PHOENIX -- The Brewers built another big lead, and this time they held it. Yovani Gallardo pitched six shutout innings and hit his first career home run as the Brewers beat up on old teammate Doug Davis and the Diamondbacks, 9-0, on Monday in the opener of a three-game series at Chase Field. "It was a good start," said Brewers manager Ned Yost.
As in, the manager is looking for more days like Monday and fewer like Sunday, when his Brewers built a 5-0 lead only to lose to the Reds. In the opener of a crucial three-city, nine-game road trip that includes three games next week against the Cubs at Wrigley Field, Bill Hall hit a three-run home run in the first inning, and Gallardo and Prince Fielder took Davis (10-11) deep in the second. Milwaukee pulled back into a virtual tie with the Cubs atop the National League Central, though the Cubs are percentage points ahead. Fielder's home run was his NL-best 39th of the season, and he added a three-run double in the fourth inning to match his career high with four RBIs. "I think that was the biggest play of the game," said Hall, who homered for the second straight game. "That broke the game open. We've been getting the business about 'adding on,' how we get out to big leads and then we're not scoring anymore. That double from Prince kind of broke their backs a little bit." It was a bounce-back win for the team and also for Gallardo (5-3), who had surrendered 18 runs and 21 hits over his two previous starts. This time he limited Arizona to no runs on five hits and one walk, striking out six in six innings. "He had two starts where he got rocked a little bit, but he came out [Monday] night and showed no signs of that," Hall said. "That's the kind of pitcher he is, the kind of personality he has. He never gives up on himself." A big lead never hurts. "The last two [starts] weren't very good, but tonight I could relax a little bit instead of rushing to the plate like I was doing the last few starts," Gallardo said. "I was able to throw the curveball for a strike, the changeup, slider. Overall, it was a great day." Said Yost: "He wasn't razor-sharp, but he was good enough to get through six shutout innings. "It's all about execution. He's got the quality pitches, he just [needs to] execute them in quality spots in the strike zone." Rickie Weeks had three hits to lead the Brewers, and Fielder's four RBIs matched his total from May 4 against the Pirates. Davis, traded to Arizona last November in a deal that netted Johnny Estrada and Claudio Vargas, was tagged with six earned runs on six hits, including the three Brewers homers in two innings of work. It was the first loss since July 5 for the left-hander, who had won his previous five decisions. With the game out of hand, another former Brewer was called on to pitch the ninth. It was 37-year-old infielder Jeff Cirillo, Milwaukee's all-time batting average leader, who issued a pair of walks but worked a scoreless inning, including a strikeout of Craig Counsell. "It was totally out of the blue," Cirillo said. "[Arizona manager Bob Melvin] came to me after the top of the eighth and said, 'If the score [stays] the same, do you want to pitch the ninth?' I said, 'Yeah. I've been wanting to do that for 14 years.'" Cirillo impressed the Brewers. "He's way nastier than I thought he would be," said Hall, who worked one of the walks. "I was shocked when I got up there. He's got a knuckleball, a slider, he was throwing some changeups. Those pitches make 84, 83 [mph fastballs] look pretty hard. I heard he was a better pitcher in college than he was a hitter." It was a pressure-packed plate appearance. "Nobody wants to [make an] out against a position player," Hall said. "I was trying to stay as focused as possible. Especially Cirillo. I'm sure my phone would have been blowing up tonight if he had gotten me out." Brewers reliever Carlos Villanueva worked the final three innings in relief of Gallardo for his first Major League save but was optioned to Triple-A Nashville after the game.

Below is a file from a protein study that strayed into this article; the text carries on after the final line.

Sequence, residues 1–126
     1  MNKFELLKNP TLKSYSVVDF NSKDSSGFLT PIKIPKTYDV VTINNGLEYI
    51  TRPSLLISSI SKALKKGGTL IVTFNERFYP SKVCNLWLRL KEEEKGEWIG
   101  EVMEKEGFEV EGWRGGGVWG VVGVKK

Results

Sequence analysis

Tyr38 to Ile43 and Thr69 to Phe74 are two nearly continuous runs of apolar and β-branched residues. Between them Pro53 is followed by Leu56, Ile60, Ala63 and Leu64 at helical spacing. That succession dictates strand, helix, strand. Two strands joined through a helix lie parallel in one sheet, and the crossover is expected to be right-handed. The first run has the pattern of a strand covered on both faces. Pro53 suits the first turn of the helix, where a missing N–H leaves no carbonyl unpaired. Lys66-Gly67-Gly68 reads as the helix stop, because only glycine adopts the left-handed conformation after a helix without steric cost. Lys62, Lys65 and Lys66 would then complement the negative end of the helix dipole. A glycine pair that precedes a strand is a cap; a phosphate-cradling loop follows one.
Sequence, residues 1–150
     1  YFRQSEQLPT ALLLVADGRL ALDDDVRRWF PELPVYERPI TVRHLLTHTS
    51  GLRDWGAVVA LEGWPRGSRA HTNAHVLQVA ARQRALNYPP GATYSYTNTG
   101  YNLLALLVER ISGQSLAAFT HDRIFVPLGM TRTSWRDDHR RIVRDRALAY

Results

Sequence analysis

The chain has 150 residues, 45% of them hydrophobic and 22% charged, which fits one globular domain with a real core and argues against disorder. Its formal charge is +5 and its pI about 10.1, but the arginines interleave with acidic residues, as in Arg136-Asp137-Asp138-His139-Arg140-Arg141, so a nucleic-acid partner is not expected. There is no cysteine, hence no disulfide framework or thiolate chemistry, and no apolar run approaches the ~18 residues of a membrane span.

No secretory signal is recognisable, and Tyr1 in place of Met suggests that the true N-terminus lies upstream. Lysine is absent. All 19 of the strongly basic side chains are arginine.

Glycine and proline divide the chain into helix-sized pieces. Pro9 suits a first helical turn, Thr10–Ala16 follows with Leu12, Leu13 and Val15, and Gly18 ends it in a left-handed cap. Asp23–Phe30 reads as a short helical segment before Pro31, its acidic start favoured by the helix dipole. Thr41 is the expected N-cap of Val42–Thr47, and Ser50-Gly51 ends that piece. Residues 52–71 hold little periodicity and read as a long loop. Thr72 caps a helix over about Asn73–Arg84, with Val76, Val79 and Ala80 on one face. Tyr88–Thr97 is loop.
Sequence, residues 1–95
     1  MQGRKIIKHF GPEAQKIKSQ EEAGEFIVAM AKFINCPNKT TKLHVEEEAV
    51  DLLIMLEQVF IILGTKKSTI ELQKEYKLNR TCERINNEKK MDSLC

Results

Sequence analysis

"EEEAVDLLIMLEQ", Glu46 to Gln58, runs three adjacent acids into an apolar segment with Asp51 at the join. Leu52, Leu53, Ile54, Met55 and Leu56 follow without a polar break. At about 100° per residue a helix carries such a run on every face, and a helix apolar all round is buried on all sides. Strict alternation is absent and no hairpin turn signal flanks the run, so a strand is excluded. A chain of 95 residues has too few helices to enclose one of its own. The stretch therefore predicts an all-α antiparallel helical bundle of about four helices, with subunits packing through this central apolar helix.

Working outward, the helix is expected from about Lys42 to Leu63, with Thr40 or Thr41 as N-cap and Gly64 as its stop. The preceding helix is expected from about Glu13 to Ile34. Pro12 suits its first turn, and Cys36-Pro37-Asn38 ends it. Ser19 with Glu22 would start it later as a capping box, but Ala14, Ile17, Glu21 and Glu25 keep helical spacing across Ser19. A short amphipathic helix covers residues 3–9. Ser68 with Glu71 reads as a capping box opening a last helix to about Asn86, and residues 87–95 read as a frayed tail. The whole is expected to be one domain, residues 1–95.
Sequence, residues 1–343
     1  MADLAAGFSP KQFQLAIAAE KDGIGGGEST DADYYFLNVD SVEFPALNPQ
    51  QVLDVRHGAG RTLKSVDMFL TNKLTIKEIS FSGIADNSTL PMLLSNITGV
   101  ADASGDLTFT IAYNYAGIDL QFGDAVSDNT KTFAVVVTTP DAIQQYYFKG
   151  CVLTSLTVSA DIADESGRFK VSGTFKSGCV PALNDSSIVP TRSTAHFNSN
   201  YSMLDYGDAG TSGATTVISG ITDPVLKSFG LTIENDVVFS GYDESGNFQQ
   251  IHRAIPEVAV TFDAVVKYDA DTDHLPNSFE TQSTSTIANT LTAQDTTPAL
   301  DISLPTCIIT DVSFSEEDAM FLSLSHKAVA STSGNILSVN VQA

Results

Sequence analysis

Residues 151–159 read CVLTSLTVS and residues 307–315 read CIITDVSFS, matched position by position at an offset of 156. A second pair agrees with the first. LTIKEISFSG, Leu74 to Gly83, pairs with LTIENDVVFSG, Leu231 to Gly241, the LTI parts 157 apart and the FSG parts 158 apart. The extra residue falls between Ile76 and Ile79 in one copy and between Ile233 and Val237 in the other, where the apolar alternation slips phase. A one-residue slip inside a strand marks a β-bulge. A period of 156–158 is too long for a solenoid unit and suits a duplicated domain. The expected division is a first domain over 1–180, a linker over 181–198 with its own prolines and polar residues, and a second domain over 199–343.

Adam McCalvy is a reporter for MLB.com. This story was not subject to the approval of Major League Baseball or its clubs.